Nationally Known Experts Encourage Voter Engagement at Event Hosted by Center for Politics and Race in America 

From left, James Jones, co-director, Center for Politics and Race in America, and authors Keith Boykin and Clay Cane

At an event hosted by Rutgers-Newark’s Center for Politics and Race in America, two experts on the past and present of Black political life acknowledged deep flaws in the two-party system but urged audience members not to disengage during a critical election year.

“You have to engage more. This thing called progress is a long game,’’ said Clay Cane, author of “The Grift: The Downward Spiral of Black Republicans from the Party of Lincoln to the Cult of Trump” and a Rutgers-Newark alumnus.

Cane and Keith Boykin, author of “Why Does Everything Have to Be About Race? 25 Arguments that Won’t Go Away” were part of a talk moderated by James Jones, co-director of the Center for Politics and Race in America and a professor of Sociology and Africana Studies.

It was, in many respects, the center’s introduction to the public and drew a full house that included students, faculty, staff and community members. The event was held at Ruth Bader Ginsburg Hall. Established last year with state funding, the center’s mission is to provide valuable data and insight into America’s political landscape, a goal that’s especially important during a turbulent election year, when race has been a central and often polarizing concern among voters.

In his introductory remarks, Jones, whose upcoming book “The Last Plantation” about racism on Capitol Hill will be published in May by Princeton University Press, described the center’s three-part mission to the audience. It will create and disseminate data and faculty scholarship, provide training in political research and data analysis, and diversify the field of young people who have access to careers in government and public service through paid internships and other programs.

The conversation between Cane, Boykin and Jones traced the history of African American involvement with the Republican and Democratic parties and how it has been used to advance, exploit or combat racist fears and agendas. 

Although Republicans were the party of Lincoln, Cane explained that Lincoln was initially opposed to abolishing slavery in the South, and that it was Black leaders like Frederick Douglass--co-founder of the Radical Abolition Party, which demanded immediate abolition throughout the nation--who influenced the party’s anti-slavery stance.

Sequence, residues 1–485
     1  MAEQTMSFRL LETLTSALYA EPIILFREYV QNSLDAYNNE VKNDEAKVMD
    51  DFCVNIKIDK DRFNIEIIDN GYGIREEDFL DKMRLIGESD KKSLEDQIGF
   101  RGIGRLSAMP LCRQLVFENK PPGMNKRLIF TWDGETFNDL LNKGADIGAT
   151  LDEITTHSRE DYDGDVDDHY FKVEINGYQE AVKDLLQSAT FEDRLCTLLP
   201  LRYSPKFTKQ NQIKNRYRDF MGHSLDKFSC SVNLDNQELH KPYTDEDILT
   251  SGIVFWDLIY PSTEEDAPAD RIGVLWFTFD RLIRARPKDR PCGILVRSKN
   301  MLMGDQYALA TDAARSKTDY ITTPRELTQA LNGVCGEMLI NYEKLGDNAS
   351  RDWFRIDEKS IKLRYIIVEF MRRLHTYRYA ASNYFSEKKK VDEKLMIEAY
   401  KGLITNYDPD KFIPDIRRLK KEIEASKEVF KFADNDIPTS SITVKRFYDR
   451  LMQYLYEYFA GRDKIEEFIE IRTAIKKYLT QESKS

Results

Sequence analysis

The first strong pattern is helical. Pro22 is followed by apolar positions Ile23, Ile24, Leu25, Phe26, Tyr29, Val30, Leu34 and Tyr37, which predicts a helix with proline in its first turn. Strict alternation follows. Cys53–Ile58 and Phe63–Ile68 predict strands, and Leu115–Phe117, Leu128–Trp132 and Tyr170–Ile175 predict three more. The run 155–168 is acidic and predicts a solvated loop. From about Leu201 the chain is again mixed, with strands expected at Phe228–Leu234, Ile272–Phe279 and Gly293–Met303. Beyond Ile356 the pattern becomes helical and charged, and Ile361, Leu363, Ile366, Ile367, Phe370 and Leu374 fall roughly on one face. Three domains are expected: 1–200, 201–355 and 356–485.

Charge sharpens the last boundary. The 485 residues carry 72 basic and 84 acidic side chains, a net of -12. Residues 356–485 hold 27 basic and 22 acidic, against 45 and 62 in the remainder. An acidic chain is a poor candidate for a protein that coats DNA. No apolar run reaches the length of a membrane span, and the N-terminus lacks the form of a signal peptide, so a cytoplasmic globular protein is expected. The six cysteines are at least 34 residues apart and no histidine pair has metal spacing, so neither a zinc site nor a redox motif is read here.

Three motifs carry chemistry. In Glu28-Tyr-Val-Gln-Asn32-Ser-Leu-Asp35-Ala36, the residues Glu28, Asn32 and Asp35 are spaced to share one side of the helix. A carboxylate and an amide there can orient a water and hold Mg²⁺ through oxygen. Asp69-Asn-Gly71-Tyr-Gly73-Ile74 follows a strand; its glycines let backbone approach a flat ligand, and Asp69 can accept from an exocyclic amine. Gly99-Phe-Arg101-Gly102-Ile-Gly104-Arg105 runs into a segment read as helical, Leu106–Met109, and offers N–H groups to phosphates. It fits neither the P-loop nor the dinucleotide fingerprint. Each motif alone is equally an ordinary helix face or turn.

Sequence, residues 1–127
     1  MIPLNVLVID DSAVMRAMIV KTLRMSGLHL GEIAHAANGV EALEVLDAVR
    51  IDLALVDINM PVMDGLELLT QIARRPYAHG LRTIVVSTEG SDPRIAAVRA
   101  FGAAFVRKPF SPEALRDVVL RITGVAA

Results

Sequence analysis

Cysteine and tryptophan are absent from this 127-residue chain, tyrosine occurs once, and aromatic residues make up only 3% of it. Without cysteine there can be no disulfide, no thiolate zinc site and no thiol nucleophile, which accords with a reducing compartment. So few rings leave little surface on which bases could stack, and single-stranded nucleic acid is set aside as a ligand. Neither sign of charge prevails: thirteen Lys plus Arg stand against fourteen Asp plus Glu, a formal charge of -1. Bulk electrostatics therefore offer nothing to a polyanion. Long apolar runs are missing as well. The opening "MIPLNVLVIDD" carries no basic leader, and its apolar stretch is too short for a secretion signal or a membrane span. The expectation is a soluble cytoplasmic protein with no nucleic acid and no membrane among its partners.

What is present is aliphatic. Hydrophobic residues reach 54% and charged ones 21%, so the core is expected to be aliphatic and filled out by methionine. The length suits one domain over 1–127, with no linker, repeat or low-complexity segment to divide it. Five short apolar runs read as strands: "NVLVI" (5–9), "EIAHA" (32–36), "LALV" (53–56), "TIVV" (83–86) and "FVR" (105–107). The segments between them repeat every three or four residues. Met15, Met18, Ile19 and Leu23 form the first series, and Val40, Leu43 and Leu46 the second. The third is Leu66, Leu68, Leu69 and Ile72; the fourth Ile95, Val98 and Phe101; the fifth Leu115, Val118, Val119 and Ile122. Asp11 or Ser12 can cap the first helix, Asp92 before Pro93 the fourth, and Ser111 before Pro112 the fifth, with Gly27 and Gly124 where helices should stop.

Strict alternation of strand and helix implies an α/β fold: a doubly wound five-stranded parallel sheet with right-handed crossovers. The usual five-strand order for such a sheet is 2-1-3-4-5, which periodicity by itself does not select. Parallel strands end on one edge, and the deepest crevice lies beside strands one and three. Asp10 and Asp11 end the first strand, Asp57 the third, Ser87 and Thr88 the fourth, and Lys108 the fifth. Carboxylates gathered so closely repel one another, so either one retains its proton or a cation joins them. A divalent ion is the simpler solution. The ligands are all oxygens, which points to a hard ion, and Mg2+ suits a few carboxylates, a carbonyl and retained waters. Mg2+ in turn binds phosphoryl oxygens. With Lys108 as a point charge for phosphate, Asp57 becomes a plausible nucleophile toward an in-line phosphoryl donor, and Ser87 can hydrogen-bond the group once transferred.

“They held government accountable,’’ said Cane, a host of Sirius radio’s The Clay Cane show. He pointed out that in 1868, voter turnout was 80 percent as opposed to barely 60 percent today.

He criticized today’s GOP as the “party of white supremacy,’’ adding that high-profile Black GOP leaders  provide “racial cover” to policies and rhetoric that harm Black Americans and attempt to erase history. Both he and Boykin listed ways in which today’s Republicans undermined Black Americans by quashing efforts to support them, such as programs to aid Black farmers and support Black women business owners. 

The Republicans’ inverted logic portrays civil rights laws intended to offset the legacy of slavery and Jim Crow as preferential treatment, sayd Boykin and Cane.

Boykin discussed how Republicans have demonized and distorted the concept of critical race theory–a form of legal analysis created in the1980s and stipulating that racism is embedded in legal systems and policies–as a threat to K-12 education.

“It’s been totally blown out of proportion,’’ said Boykin. “Schools aren’t teaching critical race theory. But they are teaching something that does scare the Republicans: American history..They are scared of teaching that Thomas Jefferson raped his wife’s sister, that Lincoln was a segregationist.’’

Sally Hemmings, who bore Jefferson's children, was the half-sister of his wife, Martha. Lincoln was a proponent of sending Black people to Africa and in an 1858 debate with Stephen Douglas said, “There is a physical difference between the White and Black races which I believe will forever forbid the two races living together on terms of social and political equality.” 

Rather than abandoning an imperfect Democratic party in need of change–and contributing to the potential re-election of DonaldTrump– both Boykin and Cane urged the audience to work toward  creating the kind of party, and the kind of political system, they would like to see. They both stressed that working within political institutions can help transform them.

Boykin worked in the Clinton administration as a special assistant to the president, and even though he didn’t support all of Clinton’s policies, there were gains that wouldn’t have happened in a Republican administration, such as a ban on discrimination based on sexual orientation in federal workplaces. But Clinton has also been criticized for policies like “Don’t Ask, Don’t Tell,’’ which encouraged members of the military to remain closeted or risk being discharged.

Boykin believes that as a Black gay man, it was significant for him to have a seat at the table. “Sometimes, even if you don’t win, it’s important to have a voice and be present,’’ he said.

As a CNN commentator, Boykin constantly criticized President Biden, he said, but he voted for Biden over Trump, whose leadership continues to pose a grave danger to Americans, especially LGBTQ people of color, both Cane and Boykin agreed.

“I’m a Black gay man. My very right to exist is in jeopardy,’’  said Cane, creator of the acclaimed 2016  documentary “Holler If You Hear Me: Black and Gay in the Church.” 

“The Democratic party has people who look like you,’’ added Boykin, contrasting it with the GOP.

During the event, Cane credited Rutgers-Newark with inspiring, and preparing him, to become a writer and political commentator. “This school changed my life,’’ he said.